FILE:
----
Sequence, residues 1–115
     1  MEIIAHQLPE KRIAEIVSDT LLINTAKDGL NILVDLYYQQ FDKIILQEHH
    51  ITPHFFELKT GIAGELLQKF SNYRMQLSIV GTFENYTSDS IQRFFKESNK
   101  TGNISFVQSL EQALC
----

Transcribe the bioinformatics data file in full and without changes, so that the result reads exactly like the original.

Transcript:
Sequence, residues 1–115
     1  MEIIAHQLPE KRIAEIVSDT LLINTAKDGL NILVDLYYQQ FDKIILQEHH
    51  ITPHFFELKT GIAGELLQKF SNYRMQLSIV GTFENYTSDS IQRFFKESNK
   101  TGNISFVQSL EQALC